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SECURE Act 2.0: How the New Rules Affect Your Retirement

Putting money aside for retirement can be daunting, especially when there are bills to catch up on. Over the years, retirement tax incentives have not been very effective in encouraging people to enthusiastically save for retirement. This is set to change, thanks to the SECURE 2.0 Act, which introduces a set of retirement savings rules.

Some of the fundamental changes brought about by this act include, but are not limited to, an increase in catch-up contributions, a raise in the starting age for required minimum distributions, rollover of 529 Plan balances to Roth IRAs, and, automatic enrollment in 401(k) plans, among others. Below is a quick breakdown of the significant changes.

SECURE Act 2.0 Retirement Provisions

Version 2.0 of the SECURE Act addresses the retirement crisis witnessed across the United States. This new legislation was passed into law in December 2022 and brought critical modifications to the SECURE Act of 2019. Here are the main reforms that will influence your savings and retirement strategy.

Changes in Catch-up Contributions

Catch-up contributions help workers aged 50 and above to save more towards their 401(k) and individual retirement accounts. The Secure Act 2.0 improves and expands on these catch-up contributions in the following ways.

Starting in 2025, the SECURE Act will allow older workers aged 60 to 63 who are behind on their savings goals to make an additional $10,000 or 150% of the standard catch-up contribution per year (whichever is greater of the two).

From 2024, catch-up contributions will be deposited in Roth accounts, except for workers who earn an annual income of $145,000 or less.

SECURE Act 2.0 has introduced a scheme for increasing IRA catch-up contributions as the cost of living rises.

The benefits of these changes are significantly felt by older people who didn’t contribute enough to their savings and retirement accounts in their early employment period, primarily because of low pay, the high cost of raising a family, student loans, or mortgage repayments.

Automatic 401(k) Enrollment

The SECURE Act 2.0 makes it clear that a 401(k) is the ideal and default solution for retirement savings. An employee will automatically opt into a 401(k) with a default contribution of 3% of their salary. The rate will increase annually to reach at least 10%, and employees looking to opt out should do so proactively. Businesses with ten or fewer employees, church plans, government plans, and new companies with less than three years in operation are exempt from automatic 401(k) enrollment.

Changes in Required Minimum Distributions (RMDs)

RMDs are a way in which the government forces you to empty the pre-tax retirement accounts and pay taxes on the distributions. The new laws increase the starting age for RMDs from 72 to 73 starting in 2023, and in 2033, the starting age will increase to 75.

In other words, if you were born between 1951 and 1959, you’ll start taking RMDs when you turn 73. And if you were born in 1960 or later, you’ll begin taking RMDs at age 75. Those currently taking RMDs under 72 are not impacted by this new provision and will follow the existing schedule.

529 to Roth Conversions

The SECURE Act 2.0 makes the 529 education savings plan a more attractive investment option for parents who have always seen this plan as a gamble. Initially, the 529 plan was under-utilized since it offered income tax deductions only if you live in specific states. Withdrawing the money for non-qualifying expenses would cost you up to 10% in penalties.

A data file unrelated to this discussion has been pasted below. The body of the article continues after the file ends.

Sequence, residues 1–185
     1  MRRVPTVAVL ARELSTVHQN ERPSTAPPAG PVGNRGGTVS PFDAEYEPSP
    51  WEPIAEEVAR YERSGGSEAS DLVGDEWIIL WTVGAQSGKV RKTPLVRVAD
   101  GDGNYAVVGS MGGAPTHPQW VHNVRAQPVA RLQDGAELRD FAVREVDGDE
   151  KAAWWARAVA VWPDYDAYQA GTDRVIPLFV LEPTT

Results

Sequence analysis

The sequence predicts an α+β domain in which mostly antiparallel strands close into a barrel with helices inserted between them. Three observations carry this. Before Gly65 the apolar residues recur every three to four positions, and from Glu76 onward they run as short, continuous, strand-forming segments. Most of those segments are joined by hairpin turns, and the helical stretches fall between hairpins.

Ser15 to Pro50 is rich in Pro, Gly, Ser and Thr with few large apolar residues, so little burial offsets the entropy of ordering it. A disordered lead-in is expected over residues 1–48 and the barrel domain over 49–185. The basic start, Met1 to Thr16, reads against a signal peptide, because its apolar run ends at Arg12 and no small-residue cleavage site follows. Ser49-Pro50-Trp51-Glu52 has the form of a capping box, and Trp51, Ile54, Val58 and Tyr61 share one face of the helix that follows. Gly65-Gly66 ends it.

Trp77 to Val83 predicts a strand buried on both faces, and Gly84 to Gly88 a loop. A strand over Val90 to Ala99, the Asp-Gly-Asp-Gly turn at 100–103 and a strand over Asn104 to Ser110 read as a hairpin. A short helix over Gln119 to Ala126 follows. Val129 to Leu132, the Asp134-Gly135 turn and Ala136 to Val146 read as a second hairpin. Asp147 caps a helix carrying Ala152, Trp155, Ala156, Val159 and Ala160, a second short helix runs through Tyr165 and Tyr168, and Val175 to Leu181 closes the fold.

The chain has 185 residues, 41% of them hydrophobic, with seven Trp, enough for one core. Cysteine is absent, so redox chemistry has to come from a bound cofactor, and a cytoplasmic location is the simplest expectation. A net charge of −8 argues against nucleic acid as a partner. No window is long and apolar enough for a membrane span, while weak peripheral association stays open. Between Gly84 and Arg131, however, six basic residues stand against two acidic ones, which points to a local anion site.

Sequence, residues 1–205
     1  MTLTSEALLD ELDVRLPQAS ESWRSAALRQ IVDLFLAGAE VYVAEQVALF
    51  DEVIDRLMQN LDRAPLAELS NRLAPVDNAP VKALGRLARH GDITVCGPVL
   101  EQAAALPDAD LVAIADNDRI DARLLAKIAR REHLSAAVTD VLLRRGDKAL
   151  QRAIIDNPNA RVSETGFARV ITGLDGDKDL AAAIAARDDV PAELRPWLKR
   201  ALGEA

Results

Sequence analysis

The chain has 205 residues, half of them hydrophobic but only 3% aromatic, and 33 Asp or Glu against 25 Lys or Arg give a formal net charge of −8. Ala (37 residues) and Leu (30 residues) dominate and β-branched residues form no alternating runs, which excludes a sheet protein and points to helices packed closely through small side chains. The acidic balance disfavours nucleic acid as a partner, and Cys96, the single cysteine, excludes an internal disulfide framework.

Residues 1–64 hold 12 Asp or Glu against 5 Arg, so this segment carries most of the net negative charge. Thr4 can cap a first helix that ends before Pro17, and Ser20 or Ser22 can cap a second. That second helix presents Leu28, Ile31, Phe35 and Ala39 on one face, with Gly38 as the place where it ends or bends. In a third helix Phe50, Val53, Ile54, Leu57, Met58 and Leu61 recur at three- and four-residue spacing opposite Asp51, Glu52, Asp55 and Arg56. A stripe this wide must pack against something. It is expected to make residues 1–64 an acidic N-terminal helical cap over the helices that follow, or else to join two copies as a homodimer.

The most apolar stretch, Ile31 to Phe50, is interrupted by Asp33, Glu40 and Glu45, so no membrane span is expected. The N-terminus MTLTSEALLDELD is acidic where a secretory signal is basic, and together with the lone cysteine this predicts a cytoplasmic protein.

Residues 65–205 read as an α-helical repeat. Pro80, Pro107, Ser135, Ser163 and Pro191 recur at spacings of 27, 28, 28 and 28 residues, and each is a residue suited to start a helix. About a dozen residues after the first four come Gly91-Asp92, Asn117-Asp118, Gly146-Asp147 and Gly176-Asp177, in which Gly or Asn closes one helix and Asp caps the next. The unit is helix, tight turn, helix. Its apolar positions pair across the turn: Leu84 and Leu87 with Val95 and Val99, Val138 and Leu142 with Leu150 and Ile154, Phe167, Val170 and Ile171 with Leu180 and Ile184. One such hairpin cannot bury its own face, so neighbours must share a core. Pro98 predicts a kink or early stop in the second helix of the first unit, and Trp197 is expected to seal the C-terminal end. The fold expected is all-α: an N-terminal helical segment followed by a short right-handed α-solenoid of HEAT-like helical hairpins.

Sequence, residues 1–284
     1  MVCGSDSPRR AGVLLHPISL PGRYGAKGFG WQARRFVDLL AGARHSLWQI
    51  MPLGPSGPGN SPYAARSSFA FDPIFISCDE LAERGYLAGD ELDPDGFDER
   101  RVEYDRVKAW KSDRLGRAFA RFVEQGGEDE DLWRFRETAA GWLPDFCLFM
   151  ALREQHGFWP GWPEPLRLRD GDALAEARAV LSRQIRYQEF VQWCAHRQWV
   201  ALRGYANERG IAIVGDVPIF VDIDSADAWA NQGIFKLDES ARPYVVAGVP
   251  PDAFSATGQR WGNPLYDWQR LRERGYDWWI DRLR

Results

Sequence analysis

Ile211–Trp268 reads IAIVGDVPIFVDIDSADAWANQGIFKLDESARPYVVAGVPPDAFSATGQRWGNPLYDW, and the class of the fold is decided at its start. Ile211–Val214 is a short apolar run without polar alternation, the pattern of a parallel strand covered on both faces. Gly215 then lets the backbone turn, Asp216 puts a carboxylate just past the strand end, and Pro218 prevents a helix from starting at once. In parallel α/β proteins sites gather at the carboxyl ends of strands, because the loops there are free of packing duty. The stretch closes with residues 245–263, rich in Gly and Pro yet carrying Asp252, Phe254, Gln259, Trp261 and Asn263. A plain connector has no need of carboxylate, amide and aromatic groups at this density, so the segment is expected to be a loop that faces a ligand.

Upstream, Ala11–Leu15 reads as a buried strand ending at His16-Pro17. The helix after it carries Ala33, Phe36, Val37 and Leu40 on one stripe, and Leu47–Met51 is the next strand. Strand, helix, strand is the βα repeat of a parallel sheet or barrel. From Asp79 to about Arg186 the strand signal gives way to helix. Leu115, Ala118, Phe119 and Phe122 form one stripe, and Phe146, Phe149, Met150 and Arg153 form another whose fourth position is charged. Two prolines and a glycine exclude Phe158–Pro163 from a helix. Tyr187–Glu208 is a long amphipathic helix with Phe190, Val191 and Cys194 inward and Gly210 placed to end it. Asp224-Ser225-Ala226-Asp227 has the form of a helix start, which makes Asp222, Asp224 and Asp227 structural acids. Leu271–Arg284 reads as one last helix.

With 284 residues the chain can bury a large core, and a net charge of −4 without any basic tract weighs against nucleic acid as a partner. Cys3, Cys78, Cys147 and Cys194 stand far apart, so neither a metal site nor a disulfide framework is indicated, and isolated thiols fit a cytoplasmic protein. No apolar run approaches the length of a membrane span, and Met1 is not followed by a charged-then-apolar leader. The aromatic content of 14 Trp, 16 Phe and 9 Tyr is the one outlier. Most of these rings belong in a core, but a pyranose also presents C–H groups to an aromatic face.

With the new provision, the 529 plan now allows you to convert up to $35,000 into Roth IRA without penalties for five to six years, provided the account has been open for over 15 years.

401(k) Emergency Distributions and Penalties

Before the SECURE Act 2.0 was enacted, any money withdrawn from a pre-tax retirement account incurred a 10% penalty on distributions. But with this law in place, employees can withdraw up to $1,000 as an emergency distribution without penalty. The law allows you to repay the distribution within three years, before which you cannot take out another emergency distribution.

The SECURE Act 2.0 also permits employers to enroll employees automatically in emergency savings accounts (contributing 3% of the salary or less) linked to their retirement accounts. The account is limited to $2,500, and the first four withdrawals in a year aren’t subject to charges.

Roth Employer Match

Starting in 2023, employees signed up with a Roth 401(k) can receive employer-matching contributions into their Roth 401(k) and not the pre-tax 401(k). However, this option isn’t a mandatory change, and it’s up to plan providers and employers to make this option available to participants.

Final Thoughts

The SECURE Act 2.0 is a powerful provision that gives employees more flexibility in how they contribute to their retirement. It also adds value to most plans and, moreover, encourages employees to be more intentional about their contributions. These changes are just a few of what can be expected from this provision. Others include the employer match for student loan payments and the end of RMDs for Roth 401(k) contributions.

DISCLAIMER: This material was created for educational and informational purposes only and is not intended as ERISA, tax, legal or investment advice. If you are seeking investment advice specific to your needs, such advice services must be obtained on your own separate from this educational material.

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